The increase in the range lethality of weapons, coupled with the new tactics and developing art of camouflage, dictated that an essential element of training for combat forces be directed toward teaching even individual soldiers how to identify an enemy—by shape, by sound, or sometimes by behavior. During World War II, the majority of this training was devoted to recognizing equipment, aircraft, ships, and armored vehicles especially.
To this end, military trainers employed models, printed silhouettes, and even playing cards (with vehicle profiles printed on the faces) as training aids. Special focus was often placed on distinguishing Allied and Axis craft with similar visual characteristics, such as the early models of the North American P-51 Mustang and the German Messerschmitt Me-109. Even so, training was often insufficient to prevent casualties due to fratricide. After a large number of fratricides during the North African and Sicilian Campaigns (especially in surface-to-air situations), the Western Allies went so far as to forgo some element of camouflage to ensure that nervous friendly air-defense gunners on the ground would not shoot at Allied planes during the cross-Channel invasion of France in June 1944. The so-called invasion stripes were a series of broad bands of alternating black and white paint applied to the wings and fuselages of American and British fighters, tactical bombers, and transport aircraft operating in support of the invasion.
IFF was also a device fitted to aircraft to prevent planes from firing on other friendly aircraft and to let ground stations identify them as friendly. The British developed a system whereby their radar identified friendly aircraft by means of an elongated blip on the radar screen. Crews were supposed to turn on these devices when about 40 miles from the British coasts, but many bomber crews kept them turned on over Germany in the false belief that doing so enabled them to jam German radar. In fact, the devices assisted the Germans in vectoring the fighters to intercept them. A competition in electronic warfare developed, with each side attempting to use IFF and other electronic signals to its own advantage and to the detriment of the enemy. Generally speaking, the Royal Air Force remained a step ahead of the Luftwaffe, thanks to superior operations analysis and more emphasis on research. The Germans were also handicapped by extreme security requirements, in which the "need to know" operated against a collegial sharing of useful information.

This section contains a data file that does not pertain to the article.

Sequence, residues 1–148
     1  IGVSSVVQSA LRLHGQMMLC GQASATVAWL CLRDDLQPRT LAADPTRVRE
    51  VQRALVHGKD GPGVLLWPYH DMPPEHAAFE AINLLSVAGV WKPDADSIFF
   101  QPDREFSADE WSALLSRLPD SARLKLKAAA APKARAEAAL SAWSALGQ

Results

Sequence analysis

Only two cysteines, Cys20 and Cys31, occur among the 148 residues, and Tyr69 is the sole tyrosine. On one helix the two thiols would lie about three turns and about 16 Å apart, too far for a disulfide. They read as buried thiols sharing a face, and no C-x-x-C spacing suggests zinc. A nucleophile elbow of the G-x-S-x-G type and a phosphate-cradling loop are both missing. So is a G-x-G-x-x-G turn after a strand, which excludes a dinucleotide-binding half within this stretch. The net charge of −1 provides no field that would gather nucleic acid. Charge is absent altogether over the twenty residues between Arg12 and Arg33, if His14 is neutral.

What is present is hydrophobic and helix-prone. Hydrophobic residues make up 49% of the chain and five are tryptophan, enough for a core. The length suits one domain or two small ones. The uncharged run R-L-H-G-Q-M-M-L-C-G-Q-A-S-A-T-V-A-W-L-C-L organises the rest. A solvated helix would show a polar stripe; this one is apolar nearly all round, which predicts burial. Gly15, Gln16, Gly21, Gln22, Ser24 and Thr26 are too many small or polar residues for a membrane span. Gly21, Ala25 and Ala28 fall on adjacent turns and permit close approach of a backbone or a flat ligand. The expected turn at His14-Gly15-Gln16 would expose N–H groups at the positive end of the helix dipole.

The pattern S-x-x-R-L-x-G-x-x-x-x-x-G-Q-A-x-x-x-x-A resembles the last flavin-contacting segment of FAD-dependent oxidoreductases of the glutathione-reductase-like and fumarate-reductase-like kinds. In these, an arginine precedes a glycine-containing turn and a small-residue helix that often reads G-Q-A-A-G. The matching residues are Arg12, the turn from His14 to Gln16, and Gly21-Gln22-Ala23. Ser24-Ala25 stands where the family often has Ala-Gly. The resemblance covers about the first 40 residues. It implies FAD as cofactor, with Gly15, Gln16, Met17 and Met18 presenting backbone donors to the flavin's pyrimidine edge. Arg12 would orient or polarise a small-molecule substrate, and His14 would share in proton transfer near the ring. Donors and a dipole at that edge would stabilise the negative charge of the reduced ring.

Success in IFF has always depended on proper coordination. Interservice cooperation was so poor among the Japanese that ground defenses on Iwo Jima could not identify their own aircraft by their signals. Even as recently as the 2003 war in Iraq, the failure to turn on the IFF signal on a British Tornado aircraft may have caused it to be shot down by a Patriot missile.
Robert Bateman and Spencer C. Tucker
Craven, Wesley Frank, and James Lea Cate, eds. The Army Air Forces in World War II. Vol. 4, The Pacific: Guadalcanal to Saipan, August 1942 to July 1944. Washington, DC: Office of Air Force History, 1983.; Hinchliffe, Peter. The Other Battle: Luftwaffe Night Aces versus Bomber Command. Edison, NJ: Castle Books, 2001.; Neillands, Robin. The Bomber War: The Allied Air Offensive against Nazi Germany. New York: Overlook Press, 2001.; Price, Albert. Instrument of Darkness. London: Janes Information Group, 1982.; Searby, John. The Bomber Battle for Berlin. Cambridge: Airlife Publishing, 1991.